Using HTTP to handle IOS command-line input and output isn't particularly ergonomic. The majority of network administrators still prefer using the IOS software in character-based mode because it's faster and more direct than pointing and clicking. This is not unlike those old hands who jump into Microsoft Windows' MS-DOS prompt window to type system-level commands, but Cisco may gradually move IOS toward a graphical user interface for a couple of reasons. The most obvious reason to at least offer a GUI-based alternative to working with IOS is that Cisco devices are increasingly being tended to by nonexperts. The other is that as complexity increases, the need for system visualization, even inside a single router, grows. Using visualization tools (to show load conditions, isolate errors, and so on) will, of course, require a browser instead of the oldfashioned "green screen" character-based command-line interface.
To use the command-line interface, you must know what commands to type. You may want to use HTTP Server to get started and phase over to character-based mode as you become comfortable with the IOS command structure.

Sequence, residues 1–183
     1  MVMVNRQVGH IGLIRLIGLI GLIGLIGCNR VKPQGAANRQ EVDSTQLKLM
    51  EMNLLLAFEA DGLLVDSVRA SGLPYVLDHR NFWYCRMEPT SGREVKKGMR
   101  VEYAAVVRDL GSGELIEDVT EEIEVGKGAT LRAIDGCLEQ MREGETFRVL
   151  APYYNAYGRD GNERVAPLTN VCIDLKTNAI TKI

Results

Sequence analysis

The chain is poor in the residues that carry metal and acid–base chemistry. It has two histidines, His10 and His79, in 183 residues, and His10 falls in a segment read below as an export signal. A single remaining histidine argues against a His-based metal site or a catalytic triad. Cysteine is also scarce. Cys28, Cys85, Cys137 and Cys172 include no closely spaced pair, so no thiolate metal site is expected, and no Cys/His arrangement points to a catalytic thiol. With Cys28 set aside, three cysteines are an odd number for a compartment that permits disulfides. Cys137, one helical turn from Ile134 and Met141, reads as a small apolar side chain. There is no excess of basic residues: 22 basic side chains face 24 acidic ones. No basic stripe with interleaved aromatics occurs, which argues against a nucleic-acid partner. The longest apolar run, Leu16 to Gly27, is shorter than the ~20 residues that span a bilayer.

Cisco Router and Security Device Manager (SDM) is the latest embedded devicemanagement tool. Access is handled through an SSL or SSH connection for secure communication between the Web-based user interface and the device being managed. Best of all, it's downloadable for free and works with almost all supported routers. For the newest routers, like the 850/870 and the 1800, 2800, and 3800 models, it's already installed and ready to use, right out of the box.
To make life easier, Cisco Router and Security Device Manager offers what Cisco calls "task-based smart wizards" to help with everything from initial configuration to more complicated WAN/LAN and security configurations. It's a logical step forward in device management for small and medium-sized businesses, and also useful for enterprise branch offices environments, where CiscoWorks might be the primary configuration management tool, and Cisco Router and Security Device Manager is used for troubleshooting or to allow read-only access to the device for local personnel. The download and additional information can be found at http://www.cisco.com/go/sdm.
SDM also employs SSL and SSH connections to allow administrators to easily configure routers remotely.
When you start SDM, you see a screen like the one in Figure 3-8. It gives you a quick snapshot of the status of your router, including:
What features are available for your router (like VPNs, firewall, and so forth)
Interface and connection configuration information